This is an archive of the ArtCat Zine, 2007-2009. Please visit our new project, IDIOM.

Bushwick Biennial at NURTUREart

Jonathan Brand, Fallen, medium density fiberboard, wood glue, hardwood dowels, 2007 via

At NURTUREart’s exhibition for the Bushwick Biennial, the intent is to focus on “utopia, urban change, and the role of a place in artistic identity” but the resulting show is dreamier and niftier than those themes might imply. Entering the gallery made me imagine walking into a human-sized, contemporary version of one of Joseph Cornell’s boxed assemblages.

Going upstairs to the show is a gradual, gentle process, beginning with the trailer parked outside the building, which houses a garden complete with a pond and love-seat length bench (there is a tiny, even cuter prototype of Kim Holleman’s work, Trailer Park, in the gallery itself.) The show is sandwiched by gentle, repetitive pieces – the stairs leading to the space play host to Escalator Helix Vertical, an animated illustration of spinning escalators, and the gallery’s adjacent rooftop is covered with Audrey Hasen Russell’s Beam Tower with Pink Grass, which is what its name implies – coils and coils of cotton-candy-colored pink foam which have been cut into spiky forms to look like grass.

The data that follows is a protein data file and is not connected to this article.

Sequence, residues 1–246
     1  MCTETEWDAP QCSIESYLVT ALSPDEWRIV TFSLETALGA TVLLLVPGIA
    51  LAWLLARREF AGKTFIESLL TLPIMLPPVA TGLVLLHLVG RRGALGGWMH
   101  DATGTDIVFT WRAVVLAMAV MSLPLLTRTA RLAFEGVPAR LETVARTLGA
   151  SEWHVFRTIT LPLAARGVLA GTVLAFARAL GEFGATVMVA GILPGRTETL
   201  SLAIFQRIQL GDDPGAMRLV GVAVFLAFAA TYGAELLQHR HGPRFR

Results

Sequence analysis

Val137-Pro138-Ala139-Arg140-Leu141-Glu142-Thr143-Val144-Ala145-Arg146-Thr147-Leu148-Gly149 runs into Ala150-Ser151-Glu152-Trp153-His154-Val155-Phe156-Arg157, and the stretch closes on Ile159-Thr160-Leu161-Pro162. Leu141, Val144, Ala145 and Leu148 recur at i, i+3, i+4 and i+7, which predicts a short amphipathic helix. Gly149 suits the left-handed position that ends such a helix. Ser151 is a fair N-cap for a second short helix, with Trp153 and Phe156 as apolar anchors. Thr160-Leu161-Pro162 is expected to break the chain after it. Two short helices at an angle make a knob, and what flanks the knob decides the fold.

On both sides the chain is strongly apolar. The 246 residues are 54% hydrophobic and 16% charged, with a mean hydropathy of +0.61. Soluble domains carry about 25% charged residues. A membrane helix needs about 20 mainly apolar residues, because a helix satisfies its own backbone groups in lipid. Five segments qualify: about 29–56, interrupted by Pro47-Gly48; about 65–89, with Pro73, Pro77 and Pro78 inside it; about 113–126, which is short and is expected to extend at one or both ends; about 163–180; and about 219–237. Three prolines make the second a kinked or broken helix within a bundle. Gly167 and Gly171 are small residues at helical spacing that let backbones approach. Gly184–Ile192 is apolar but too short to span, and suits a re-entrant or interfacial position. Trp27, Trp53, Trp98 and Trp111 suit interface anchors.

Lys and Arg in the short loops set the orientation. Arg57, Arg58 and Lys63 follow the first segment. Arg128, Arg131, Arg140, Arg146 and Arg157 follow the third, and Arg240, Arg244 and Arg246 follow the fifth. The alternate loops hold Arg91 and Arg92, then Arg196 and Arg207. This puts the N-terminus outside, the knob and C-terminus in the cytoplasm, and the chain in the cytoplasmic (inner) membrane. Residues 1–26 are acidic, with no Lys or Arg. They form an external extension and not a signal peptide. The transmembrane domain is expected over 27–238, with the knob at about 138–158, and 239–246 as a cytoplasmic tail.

I really liked this show, though I expected not to. My last experience with earnest-seeming art in Bushwick was…I can’t remember when. I may have never seen it before. Benjamin Evans, who curated the show for NURTUREart, has done an incredible job of putting together something appealing, and sometimes even cute (be sure to see The Farthest City, by James Reeder – it’s a charming wall-mounted utopia) that still maintains a sense of humor and a healthy sense of dignity. A perfect example is Fallen, Jonathan Brand’s prone fiberboard bicycle. The life-sized, super-accurate apparatus lies on the gallery floor in front of three petite drawings depicting a biker in various stages, the last of which shows him on the ground next to his similarly horizontal bicycle. The drawings are sweet, and they’re funny, and they’re good. Please go see this show. Its so nice to encounter work that is simultaneously compelling and funny.